“Como ance me a la comensa. Ma me no ia pote evita lo.”

“And so was I at first. But there was no getting out of it.”

“Como, en tua opina, lo va afeta sua intendes ce el sabe aora ce tu es asi?”

“What effect do you think it will have upon his plans now that he knows you are here?”

“Cisa lo va causa ce el deveni plu cauta, o cisa lo va forsa el direta a metodos desperante. Como la plu criminores astuta, cisa el fida tro sua propre astutia e imajina ce el ia engana completa nos.”

“It may cause him to be more cautious, or it may drive him to desperate measures at once. Like most clever criminals, he may be too confident in his own cleverness and imagine that he has completely deceived us.”

“Perce nos no ta aresta el sin pausa?”

“Why should we not arrest him at once?”

“Mea cara Watson, tu ia nase per es un om de ativia. Tua instinto es sempre la fa de alga ata enerjiosa. Ma suposante, par argumenta, ce nos ia ta aresta el a esta note, como de mundo nos ta es en state plu bon a pos? Nos ta pote demostra no cosa contra el. Esta es la rusosia diablin de la situa! Si el ta ata tra un ajente umana, nos ta pote colie alga atestas, ma si nos ta tira esta can grande a la lus de dia, lo no ta aida nos a pone un corda sirca la colo de sua mestre.”

“My dear Watson, you were born to be a man of action. Your instinct is always to do something energetic. But supposing, for argument’s sake, that we had him arrested tonight, what on earth the better off should we be for that? We could prove nothing against him. There’s the devilish cunning of it! If he were acting through a human agent we could get some evidence, but if we were to drag this great dog to the light of day it would not help us in putting a rope round the neck of its master.”

“Ma nos ave serta un caso.”

“Surely we have a case.”

“An no un ombra de lo – sola suposas e divinas. Un corte ta burla nos a via si nos ta veni con un tal raconta e tal atestas.”

“Not a shadow of one – only surmise and conjecture. We should be laughed out of court if we came with such a story and such evidence.”

“Nos ave la mori de Sir Charles.”

“There is Sir Charles’s death.”

“Trovada mor sin cualce feri. Tu e me sabe ce el ia mori tota asustada, e nos sabe ance lo cual ia asusta el, ma como nos va reali ce des-du juriores fidable sabe lo? Cual sinias esiste de un can? Do es la impresas de sua dentes? Natural, nos sabe ce un can no morde un corpo mor e ce Sir Charles ia es mor an ante cuando la bestia ia ateni el. Ma nos debe demostra tota de esta, e nos no es bon posada per fa lo.”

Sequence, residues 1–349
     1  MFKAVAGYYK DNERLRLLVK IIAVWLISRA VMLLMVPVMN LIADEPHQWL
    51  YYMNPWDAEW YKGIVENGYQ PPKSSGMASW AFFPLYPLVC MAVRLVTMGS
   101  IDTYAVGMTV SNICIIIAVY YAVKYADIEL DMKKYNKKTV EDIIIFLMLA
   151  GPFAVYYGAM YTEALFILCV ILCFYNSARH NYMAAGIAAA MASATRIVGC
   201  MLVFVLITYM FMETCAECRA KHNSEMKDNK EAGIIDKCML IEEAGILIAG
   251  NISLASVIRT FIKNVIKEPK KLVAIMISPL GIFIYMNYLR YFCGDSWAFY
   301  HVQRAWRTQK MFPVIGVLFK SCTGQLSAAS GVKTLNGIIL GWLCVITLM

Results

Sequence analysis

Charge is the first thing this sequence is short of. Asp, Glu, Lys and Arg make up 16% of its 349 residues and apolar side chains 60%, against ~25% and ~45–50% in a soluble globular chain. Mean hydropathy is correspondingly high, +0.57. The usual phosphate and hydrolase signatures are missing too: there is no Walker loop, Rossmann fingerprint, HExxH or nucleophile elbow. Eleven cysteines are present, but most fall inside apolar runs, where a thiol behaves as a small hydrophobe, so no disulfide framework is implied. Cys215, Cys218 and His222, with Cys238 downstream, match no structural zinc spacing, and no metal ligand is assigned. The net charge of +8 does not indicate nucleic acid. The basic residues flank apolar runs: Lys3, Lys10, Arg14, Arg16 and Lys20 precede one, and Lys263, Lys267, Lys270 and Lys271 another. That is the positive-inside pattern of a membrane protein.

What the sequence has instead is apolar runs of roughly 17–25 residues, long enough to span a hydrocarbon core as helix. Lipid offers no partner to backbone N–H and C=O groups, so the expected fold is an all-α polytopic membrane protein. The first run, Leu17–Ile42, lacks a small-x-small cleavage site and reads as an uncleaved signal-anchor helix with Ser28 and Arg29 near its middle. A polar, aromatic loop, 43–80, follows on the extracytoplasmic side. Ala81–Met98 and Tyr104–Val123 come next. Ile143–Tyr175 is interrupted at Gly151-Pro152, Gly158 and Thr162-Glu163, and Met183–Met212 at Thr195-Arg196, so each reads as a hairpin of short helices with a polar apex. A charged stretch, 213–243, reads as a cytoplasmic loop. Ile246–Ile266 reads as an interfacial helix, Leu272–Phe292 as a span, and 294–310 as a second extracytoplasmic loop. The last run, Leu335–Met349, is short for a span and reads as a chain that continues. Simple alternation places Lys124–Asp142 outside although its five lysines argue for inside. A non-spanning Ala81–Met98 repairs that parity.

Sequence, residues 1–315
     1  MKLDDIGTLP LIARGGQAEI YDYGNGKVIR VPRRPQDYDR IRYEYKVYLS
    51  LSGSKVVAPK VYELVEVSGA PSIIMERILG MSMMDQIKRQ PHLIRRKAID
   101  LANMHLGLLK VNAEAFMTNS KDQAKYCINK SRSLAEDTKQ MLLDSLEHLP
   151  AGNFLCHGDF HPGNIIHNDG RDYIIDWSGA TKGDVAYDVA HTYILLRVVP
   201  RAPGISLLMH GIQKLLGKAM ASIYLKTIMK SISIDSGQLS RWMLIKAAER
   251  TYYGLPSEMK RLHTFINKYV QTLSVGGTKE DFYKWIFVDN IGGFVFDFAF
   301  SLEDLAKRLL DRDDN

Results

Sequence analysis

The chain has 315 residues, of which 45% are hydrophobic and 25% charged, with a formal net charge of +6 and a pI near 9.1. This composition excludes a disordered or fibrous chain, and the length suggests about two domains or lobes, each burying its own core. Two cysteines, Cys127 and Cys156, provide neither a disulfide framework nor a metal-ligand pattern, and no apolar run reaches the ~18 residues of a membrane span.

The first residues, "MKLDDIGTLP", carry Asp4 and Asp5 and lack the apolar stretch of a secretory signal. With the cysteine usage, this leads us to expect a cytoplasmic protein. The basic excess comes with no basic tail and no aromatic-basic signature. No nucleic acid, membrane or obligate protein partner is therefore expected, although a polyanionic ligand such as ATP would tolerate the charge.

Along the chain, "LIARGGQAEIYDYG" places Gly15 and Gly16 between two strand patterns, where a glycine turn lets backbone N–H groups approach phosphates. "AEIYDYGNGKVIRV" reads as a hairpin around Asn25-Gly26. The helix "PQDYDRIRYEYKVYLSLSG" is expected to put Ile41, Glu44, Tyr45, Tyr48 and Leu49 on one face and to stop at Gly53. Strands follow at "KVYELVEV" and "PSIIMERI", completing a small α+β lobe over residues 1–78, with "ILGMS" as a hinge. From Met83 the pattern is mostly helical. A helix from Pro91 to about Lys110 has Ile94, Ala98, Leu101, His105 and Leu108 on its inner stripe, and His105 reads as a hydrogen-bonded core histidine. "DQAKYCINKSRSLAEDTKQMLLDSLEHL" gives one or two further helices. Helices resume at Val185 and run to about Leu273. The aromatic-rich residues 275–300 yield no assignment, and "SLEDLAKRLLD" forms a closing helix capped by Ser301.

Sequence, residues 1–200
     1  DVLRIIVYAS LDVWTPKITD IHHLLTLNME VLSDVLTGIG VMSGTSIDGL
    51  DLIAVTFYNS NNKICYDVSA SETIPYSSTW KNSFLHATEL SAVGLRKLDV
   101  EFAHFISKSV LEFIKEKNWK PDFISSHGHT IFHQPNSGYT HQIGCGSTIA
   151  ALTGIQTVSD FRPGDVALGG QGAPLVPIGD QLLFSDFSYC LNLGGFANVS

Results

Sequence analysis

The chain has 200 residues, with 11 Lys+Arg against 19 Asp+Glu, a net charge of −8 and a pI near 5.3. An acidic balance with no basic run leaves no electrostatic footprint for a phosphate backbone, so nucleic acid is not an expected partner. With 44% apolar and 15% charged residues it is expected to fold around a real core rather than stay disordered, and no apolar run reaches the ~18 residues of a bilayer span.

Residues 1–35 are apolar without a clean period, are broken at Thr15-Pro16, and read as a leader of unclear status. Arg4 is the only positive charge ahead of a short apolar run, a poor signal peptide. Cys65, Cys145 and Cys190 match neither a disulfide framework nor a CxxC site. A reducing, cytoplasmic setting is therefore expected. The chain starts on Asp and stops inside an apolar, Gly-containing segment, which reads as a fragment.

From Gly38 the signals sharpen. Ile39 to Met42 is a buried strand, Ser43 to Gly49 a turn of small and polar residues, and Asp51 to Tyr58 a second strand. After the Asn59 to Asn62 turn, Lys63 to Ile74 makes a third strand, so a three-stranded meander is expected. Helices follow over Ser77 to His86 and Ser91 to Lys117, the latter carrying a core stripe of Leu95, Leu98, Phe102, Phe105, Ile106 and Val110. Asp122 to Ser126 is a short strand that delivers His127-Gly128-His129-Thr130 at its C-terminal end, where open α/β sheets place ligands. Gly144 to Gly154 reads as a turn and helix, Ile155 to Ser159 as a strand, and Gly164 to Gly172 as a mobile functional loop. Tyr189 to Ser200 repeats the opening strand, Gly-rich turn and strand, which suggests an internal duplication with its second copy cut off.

“Found dead without a mark upon him. You and I know that he died of sheer fright, and we know also what frightened him, but how are we to get twelve stolid jurymen to know it? What signs are there of a hound? Where are the marks of its fangs? Of course we know that a hound does not bite a dead body and that Sir Charles was dead before ever the brute overtook him. But we have to prove all this, and we are not in a position to do it.”

“Alora bon, e esta note?”

“Well, then, tonight?”

“Nos no es multe plu bon posada a esta note. Denova, on ia ave no lia direta entre la can e la mori de la om. Nos ia vide nunca la can. Nos ia oia lo, ma nos no ta pote demostra ce lo ia core longo la trasa de esta om. Motivas manca completa. No, mea cara bonom, nos debe reconsilia nos a la fato ce nos ave presente no caso, e ce nos va benefica de aseta cualce risca per asembla un.”

“We are not much better off tonight. Again, there was no direct connection between the hound and the man’s death. We never saw the hound. We heard it, but we could not prove that it was running upon this man’s trail. There is a complete absence of motive. No, my dear fellow; we must reconcile ourselves to the fact that we have no case at present, and that it is worth our while to run any risk in order to establish one.”

“E como tu proposa fa esta?”

“And how do you propose to do so?”

“Me ave un espera grande sur lo cual cisa Sra Laura Lyons va fa per nos cuando la state de la situa va es clarida a el. E me ave ance mea propre scema. Ta ce la malia de doman sufisi; ma me espera ce, ante la pasa de la dia, me va ave a fini la vantaje.”

“I have great hopes of what Mrs. Laura Lyons may do for us when the position of affairs is made clear to her. And I have my own plan as well. Sufficient for tomorrow is the evil thereof; but I hope before the day is past to have the upper hand at last.”

Me ia pote estrae no plu cosa de el, e el ia pasea, perdeda en pensa, asta la porton de Baskerville.

I could draw nothing further from him, and he walked, lost in thought, as far as the Baskerville gates.

“Tu va entra?”

“Are you coming up?”

“Si; me vide no razona per asconde plu. Ma un plu parola final, Watson. Dise no cosa sur la can a Sir Henry. Ta ce el opina ce la mori de Selden ia es tal como Stapleton vole ce nos crede. El va ave coraje plu forte per la mal esperia tra cual el va debe pasa doman, cuando el es obligada, si me recorda coreta tua reporta, a come a sera con esta persones.”

“Yes; I see no reason for further concealment. But one last word, Watson. Say nothing of the hound to Sir Henry. Let him think that Selden’s death was as Stapleton would have us believe. He will have a better nerve for the ordeal which he will have to undergo tomorrow, when he is engaged, if I remember your report aright, to dine with these people.”

“Como ance me.”

“And so am I.”

“Donce tu va debe escusa tu e el va debe vade solitar. Esta va es fasil organizada. E aora, si nos es tro tarda per la come de sera, me crede ce ambos de nos desira nosa comes de note.”

“Then you must excuse yourself and he must go alone. That will be easily arranged. And now, if we are too late for dinner, I think that we are both ready for our suppers.”